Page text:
Have a Strategy
Here’s Porterfield’s strategy for a creating a successful Facebook ad + email:

A) Create an irresistible giveaway or offer. The giveaway should be whatever your audience will love and will work for your business, states Porterfield. In her example, she used a 60-minute live webinar.
B) Create an opt-in/lead page. Like Melanie Duncan, Porterfield is a huge proponent of using LeadPages to create compelling opt-in pages.
C) Set up a targeted unpublished news feed Facebook ad for that giveaway.
D) Deliver the goods aka the offer. Porterfield suggests teaching a lot for free and selling a little. She gives a live 60-minute webinar for free, and then plugs a $97 item at the end of her webinar. “I definitely sell because I’ve earned it,” says Porterfield, “But you also have to give your audience what they want.”
E) Follow up with a series of emails. “Deliver the giveaway and use email marketing to seal the deal,” says Porterfield.

Use Facebook Graph Search
“It’s important for one main reason,” says Porterfield. “To find out where your audience is spending time on Facebook.” Porterfield suggests using the Facebook Graph search function to find the pages that your audience members like and engage with. How? Simply type in the search box, “Pages liked by [your business name or competitor here] fans” – or – “Pages liked by people who like [your biz name here or competitor business name here] – or- “Favorite interests of people who like…” This will give you similar pages, competitors and interests of your fans or people you’d like to target that you’ll want to jot down. You’ll then use this valuable information later when creating a Facebook ad.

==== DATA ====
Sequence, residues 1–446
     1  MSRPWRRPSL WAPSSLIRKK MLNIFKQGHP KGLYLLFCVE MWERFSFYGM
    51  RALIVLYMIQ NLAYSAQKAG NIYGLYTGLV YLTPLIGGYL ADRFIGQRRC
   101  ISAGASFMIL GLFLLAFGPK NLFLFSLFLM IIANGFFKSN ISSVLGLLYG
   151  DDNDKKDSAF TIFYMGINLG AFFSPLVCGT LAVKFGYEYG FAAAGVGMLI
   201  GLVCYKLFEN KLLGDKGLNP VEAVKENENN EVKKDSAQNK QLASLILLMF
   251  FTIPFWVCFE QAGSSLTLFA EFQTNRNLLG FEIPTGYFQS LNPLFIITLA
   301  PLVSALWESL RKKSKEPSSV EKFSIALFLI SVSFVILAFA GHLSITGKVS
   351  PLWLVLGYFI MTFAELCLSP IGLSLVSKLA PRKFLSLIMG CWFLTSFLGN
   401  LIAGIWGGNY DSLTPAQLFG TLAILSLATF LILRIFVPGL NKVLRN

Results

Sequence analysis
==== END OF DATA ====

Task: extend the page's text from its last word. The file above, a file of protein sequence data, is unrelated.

“This is so powerful because this is where you’re going to target your ads,” says Porterfield. “Don’t skip this step.”

Create Facebook Ads
Porterfield highly suggests creating unpublished news feed ads (which you can do in the Power Editor dashboard) because everything is clickable, customizable, there aren’t light boxes, the image is large enough to grab attention, and you can change the call to actions. Your unpublished news feed ad should advertise your giveaway, then link to an opt-in form and/or lead page, which will grow and build your email list in the process.